LPG as a Clean Cooking Fuel: Adoption, Use, and Impact in Rural India

Energy Policy, Forthcoming

52 Pages Posted: 9 Aug 2018

See all articles by Carlos F. Gould

Carlos F. Gould

Columbia University Mailman School of Public Health

Johannes Urpelainen

Johns Hopkins SAIS

Date Written: July 17, 2018

Abstract

Liquefied petroleum gas (LPG) is by far the most popular clean cooking fuel in rural India, but how rural households use it remains poorly understood. Using the 2014-2015 ACCESS survey with over 8,500 households from six energy-poor Indian states, our study reports on results from a comprehensive survey of LPG use in rural India using a holistic approach to understanding the integration of a clean cooking fuel into rural household's energy mixes. There are three principal findings: (i) fuel costs are a critical obstacle to widespread adoption, (ii) fuel stacking is the prevailing norm as few households stop using firewood when adopting LPG, and (iii) both users and non-users have highly positive views of LPG as a convenient and clean cooking fuel. These findings show that expanding LPG use offers great promise in rural India, but affordability prevents a complete transition from traditional biomass to clean cooking fuels.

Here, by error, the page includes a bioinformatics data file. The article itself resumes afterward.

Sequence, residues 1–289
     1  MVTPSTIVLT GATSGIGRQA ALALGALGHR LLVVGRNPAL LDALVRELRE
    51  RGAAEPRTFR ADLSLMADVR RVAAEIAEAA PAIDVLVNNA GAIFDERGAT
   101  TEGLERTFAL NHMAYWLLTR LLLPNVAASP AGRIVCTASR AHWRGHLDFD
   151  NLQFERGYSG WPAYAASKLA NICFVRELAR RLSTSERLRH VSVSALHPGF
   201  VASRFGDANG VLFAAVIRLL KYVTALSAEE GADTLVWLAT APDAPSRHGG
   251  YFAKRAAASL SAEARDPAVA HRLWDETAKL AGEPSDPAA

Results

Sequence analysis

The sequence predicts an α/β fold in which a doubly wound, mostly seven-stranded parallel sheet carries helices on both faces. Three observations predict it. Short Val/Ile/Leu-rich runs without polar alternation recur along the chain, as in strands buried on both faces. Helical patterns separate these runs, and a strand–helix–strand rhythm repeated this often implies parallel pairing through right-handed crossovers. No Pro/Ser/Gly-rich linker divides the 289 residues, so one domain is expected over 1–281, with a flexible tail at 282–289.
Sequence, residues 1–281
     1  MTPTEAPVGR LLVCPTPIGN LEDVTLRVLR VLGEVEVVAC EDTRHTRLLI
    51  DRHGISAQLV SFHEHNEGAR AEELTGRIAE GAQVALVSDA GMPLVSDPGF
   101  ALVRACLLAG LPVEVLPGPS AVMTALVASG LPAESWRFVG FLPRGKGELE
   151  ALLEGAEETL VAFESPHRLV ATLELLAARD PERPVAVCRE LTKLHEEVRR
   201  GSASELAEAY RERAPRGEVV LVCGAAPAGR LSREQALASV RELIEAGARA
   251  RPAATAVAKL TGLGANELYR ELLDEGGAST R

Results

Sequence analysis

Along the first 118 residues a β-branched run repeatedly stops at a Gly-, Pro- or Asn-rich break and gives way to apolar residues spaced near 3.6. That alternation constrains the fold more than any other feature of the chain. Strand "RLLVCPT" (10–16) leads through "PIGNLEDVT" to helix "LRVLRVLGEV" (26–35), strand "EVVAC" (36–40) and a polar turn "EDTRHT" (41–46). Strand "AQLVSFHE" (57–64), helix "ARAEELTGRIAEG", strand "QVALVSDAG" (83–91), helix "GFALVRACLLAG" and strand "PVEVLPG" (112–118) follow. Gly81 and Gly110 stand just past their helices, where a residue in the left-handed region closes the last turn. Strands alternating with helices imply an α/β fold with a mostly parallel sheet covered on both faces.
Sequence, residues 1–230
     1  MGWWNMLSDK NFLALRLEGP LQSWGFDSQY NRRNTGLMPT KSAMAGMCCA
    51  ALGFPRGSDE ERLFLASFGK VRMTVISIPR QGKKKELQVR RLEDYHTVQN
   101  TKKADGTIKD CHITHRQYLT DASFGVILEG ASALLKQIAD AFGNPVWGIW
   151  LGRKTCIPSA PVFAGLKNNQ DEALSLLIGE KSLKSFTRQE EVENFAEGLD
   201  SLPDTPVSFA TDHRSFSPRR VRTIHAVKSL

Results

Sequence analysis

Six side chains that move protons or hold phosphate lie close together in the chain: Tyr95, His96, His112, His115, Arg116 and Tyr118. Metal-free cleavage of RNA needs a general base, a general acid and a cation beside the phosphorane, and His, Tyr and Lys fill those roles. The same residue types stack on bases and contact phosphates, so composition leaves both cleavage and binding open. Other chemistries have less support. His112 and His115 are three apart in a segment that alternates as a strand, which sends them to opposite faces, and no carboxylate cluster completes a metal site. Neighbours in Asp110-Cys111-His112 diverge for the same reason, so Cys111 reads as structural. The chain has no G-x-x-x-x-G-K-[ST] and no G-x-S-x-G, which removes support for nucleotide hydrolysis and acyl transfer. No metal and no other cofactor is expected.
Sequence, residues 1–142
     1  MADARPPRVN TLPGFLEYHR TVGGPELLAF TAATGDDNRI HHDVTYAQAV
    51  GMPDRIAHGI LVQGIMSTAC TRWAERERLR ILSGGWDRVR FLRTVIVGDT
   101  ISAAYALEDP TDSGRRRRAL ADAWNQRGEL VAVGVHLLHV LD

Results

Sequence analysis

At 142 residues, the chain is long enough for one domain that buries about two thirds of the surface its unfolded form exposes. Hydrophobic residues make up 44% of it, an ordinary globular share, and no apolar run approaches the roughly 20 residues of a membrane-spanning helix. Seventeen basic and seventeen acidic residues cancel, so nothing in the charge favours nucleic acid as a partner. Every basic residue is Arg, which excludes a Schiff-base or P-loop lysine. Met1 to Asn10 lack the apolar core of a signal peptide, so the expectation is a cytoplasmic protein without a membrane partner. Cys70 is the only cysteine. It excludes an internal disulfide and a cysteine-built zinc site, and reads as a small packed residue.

Keywords: India; energy poverty; clean cooking; technology adoption; sustained use

Suggested Citation

Gould, Carlos and Urpelainen, Johannes, LPG as a Clean Cooking Fuel: Adoption, Use, and Impact in Rural India (July 17, 2018). Energy Policy, Forthcoming , Available at SSRN: https://ssrn.com/abstract=3218131

Carlos Gould

Columbia University Mailman School of Public Health ( email )

3022 Broadway
New York, NY 10027
United States

Johannes Urpelainen (Contact Author)

Johns Hopkins SAIS ( email )

1740 Massachusetts Avenue, NW
Washington, DC 20036-1984
United States

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